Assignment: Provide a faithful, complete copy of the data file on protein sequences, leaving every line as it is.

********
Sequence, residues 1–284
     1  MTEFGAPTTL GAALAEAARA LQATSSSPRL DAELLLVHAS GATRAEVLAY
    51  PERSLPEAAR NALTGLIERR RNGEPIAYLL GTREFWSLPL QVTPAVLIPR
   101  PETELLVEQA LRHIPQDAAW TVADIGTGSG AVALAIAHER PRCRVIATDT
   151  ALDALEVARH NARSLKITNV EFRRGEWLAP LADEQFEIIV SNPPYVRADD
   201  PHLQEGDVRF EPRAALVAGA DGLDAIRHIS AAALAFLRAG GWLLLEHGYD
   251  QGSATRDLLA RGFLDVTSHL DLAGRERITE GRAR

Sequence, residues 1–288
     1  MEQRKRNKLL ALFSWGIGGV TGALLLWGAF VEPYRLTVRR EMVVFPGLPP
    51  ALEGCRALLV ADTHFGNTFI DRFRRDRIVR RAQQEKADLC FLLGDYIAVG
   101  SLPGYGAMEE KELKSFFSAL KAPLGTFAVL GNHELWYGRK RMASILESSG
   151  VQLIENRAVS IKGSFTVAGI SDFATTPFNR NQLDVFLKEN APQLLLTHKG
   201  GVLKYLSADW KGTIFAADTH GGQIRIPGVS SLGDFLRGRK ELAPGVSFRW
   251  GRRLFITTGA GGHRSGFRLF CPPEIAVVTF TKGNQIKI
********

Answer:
Sequence, residues 1–284
     1  MTEFGAPTTL GAALAEAARA LQATSSSPRL DAELLLVHAS GATRAEVLAY
    51  PERSLPEAAR NALTGLIERR RNGEPIAYLL GTREFWSLPL QVTPAVLIPR
   101  PETELLVEQA LRHIPQDAAW TVADIGTGSG AVALAIAHER PRCRVIATDT
   151  ALDALEVARH NARSLKITNV EFRRGEWLAP LADEQFEIIV SNPPYVRADD
   201  PHLQEGDVRF EPRAALVAGA DGLDAIRHIS AAALAFLRAG GWLLLEHGYD
   251  QGSATRDLLA RGFLDVTSHL DLAGRERITE GRAR

Sequence, residues 1–288
     1  MEQRKRNKLL ALFSWGIGGV TGALLLWGAF VEPYRLTVRR EMVVFPGLPP
    51  ALEGCRALLV ADTHFGNTFI DRFRRDRIVR RAQQEKADLC FLLGDYIAVG
   101  SLPGYGAMEE KELKSFFSAL KAPLGTFAVL GNHELWYGRK RMASILESSG
   151  VQLIENRAVS IKGSFTVAGI SDFATTPFNR NQLDVFLKEN APQLLLTHKG
   201  GVLKYLSADW KGTIFAADTH GGQIRIPGVS SLGDFLRGRK ELAPGVSFRW
   251  GRRLFITTGA GGHRSGFRLF CPPEIAVVTF TKGNQIKI